Yes I know TagClouds are so 2005; and yes I know TagClouds are the new Mullet; they are still fun to play with. With that having been said, I went back and re-factored the PHP code I wrote a while back for my AJAX resume. For that project, my sole purpose was just to get a TagCloud of my skills and any old TagCloud would do. This time, my purpose was to build a class to automate it as well as build an example to show how useful/useless it really is. I’ve accomplished both of those lofty goals. Here is the source code and here is the example.
Originally I was going to spend a lot of time explaining to you how I did it in an insipid tutorial. I realized though that you dear reader, fall into one of 2 classes of people.
If you are a programmer then the last thing you want is for me to explain it to you when you can read the source yourself. Therefore, if you are in this camp, just download it and read it. I’ve tried to comment it thoroughly but if you have any questions, don’t hesitate to drop me a line.
If you are in this group then you don’t really care how it works, you just want to know how to use it. First, check out the example page. The keywords on the sample page come from the last 30 entries of my blog. I’ll admit I cheated and just open the database and pull them from there instead of trying to call my blog w/curl or fopen and parse it. (Although that would have been cooler.) I then ran each blog entry against Yahoo’s Term Extraction API to get the terms. Then I pumped that array into my new TagCloud maker. The important code you can’t see from the index.php is below.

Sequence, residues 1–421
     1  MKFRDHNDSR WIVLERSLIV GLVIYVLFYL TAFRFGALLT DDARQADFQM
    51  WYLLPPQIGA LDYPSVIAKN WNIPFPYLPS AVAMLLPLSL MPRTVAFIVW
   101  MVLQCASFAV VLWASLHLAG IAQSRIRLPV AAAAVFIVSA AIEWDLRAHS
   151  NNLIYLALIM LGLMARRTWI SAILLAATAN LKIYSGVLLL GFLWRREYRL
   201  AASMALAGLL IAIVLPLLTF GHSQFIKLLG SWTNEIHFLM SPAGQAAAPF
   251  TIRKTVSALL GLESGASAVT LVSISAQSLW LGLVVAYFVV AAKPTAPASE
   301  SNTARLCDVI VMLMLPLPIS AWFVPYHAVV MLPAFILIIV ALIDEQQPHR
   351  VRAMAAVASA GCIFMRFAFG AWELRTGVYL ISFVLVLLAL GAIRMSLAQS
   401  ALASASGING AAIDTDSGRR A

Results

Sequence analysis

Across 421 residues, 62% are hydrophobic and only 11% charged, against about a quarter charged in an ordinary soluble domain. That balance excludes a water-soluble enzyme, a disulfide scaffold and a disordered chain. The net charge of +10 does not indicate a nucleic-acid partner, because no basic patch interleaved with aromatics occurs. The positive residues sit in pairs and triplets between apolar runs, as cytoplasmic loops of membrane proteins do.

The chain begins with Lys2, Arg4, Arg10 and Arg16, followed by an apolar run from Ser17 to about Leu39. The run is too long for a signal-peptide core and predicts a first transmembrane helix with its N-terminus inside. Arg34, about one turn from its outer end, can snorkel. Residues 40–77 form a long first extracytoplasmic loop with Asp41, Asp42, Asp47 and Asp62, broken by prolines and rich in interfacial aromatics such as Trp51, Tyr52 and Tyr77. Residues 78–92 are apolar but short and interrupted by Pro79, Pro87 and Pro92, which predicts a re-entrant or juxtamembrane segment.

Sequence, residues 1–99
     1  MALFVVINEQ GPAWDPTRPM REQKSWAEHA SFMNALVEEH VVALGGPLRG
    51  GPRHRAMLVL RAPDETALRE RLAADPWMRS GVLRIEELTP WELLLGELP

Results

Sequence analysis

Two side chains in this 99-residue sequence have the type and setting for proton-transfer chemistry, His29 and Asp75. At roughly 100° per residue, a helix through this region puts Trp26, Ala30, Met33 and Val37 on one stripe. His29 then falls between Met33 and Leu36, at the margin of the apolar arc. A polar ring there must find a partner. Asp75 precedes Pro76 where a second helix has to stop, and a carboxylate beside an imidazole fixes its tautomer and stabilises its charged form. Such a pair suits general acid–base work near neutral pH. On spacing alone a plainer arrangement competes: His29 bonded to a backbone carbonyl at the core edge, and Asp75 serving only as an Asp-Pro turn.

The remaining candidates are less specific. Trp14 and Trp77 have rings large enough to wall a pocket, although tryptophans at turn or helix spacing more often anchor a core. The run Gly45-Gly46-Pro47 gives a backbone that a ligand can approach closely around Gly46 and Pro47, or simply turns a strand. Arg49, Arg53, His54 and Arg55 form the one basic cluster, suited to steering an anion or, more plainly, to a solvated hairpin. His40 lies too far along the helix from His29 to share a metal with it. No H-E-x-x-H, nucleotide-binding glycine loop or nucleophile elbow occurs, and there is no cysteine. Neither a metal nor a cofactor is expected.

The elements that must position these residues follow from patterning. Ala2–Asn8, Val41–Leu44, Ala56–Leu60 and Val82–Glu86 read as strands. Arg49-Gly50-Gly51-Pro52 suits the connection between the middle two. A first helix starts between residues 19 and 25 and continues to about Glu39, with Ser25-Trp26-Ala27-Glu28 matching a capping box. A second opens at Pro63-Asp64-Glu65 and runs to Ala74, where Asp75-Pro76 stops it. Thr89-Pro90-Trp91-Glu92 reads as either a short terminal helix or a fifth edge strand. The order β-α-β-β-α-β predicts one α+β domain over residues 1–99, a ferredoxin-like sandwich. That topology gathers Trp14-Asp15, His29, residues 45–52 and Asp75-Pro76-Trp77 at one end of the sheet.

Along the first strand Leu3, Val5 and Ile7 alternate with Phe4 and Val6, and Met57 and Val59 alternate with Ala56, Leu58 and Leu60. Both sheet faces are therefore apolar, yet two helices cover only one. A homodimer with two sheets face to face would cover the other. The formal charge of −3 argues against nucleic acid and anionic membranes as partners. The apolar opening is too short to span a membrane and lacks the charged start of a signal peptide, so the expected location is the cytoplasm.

$x = TagCloud::fetch_cloud($thisArray,'...', 'tagcloud_','http://www.technorati.com/tags/%s');
$o = new TagCloud($thisArray,'...','tagcloud_', 'http://www.technorati.com/tags/%s',10,'weight',2); $o->get_cloud(); $y = $o->output_cloud;
As you can see, I used 2 different methods of creating the 2 lists. The first is just calling the object::method statically with all the necessary parameters. This is by far the easiest way to use this class and unless you need something special, it's the way I recommend. The second way it to instantiate an object. I pass all the variables into the constructor but you could just as easily use the setters to set them all. (don't know why you would but hey, I spent an extra 15 minutes creating getters and setters so use them, by all means use them!)
Then just use the contents of $y somewhere in your page. (To those of you who have worked on teams I have built, yes, I know I always preached that it's a fire-able offense to use a single letter variable name but since I don't work for you I don't care!) :)
That's it. Use it or don't. I don't care; I had fun writing it. As is my custom, I think I'll turn it into a WordPress plugin. Because god knows we need tag clouds in our blogs!
Until next time, I love you even when you piss me off.
p.s. This blog was originally titled "It's Raining Tags" which was a lot more fun but not nearly as descriptive.
p.s.s. Proof that great minds think alike I found this. The site is in (Japanese?) but the code is in...php.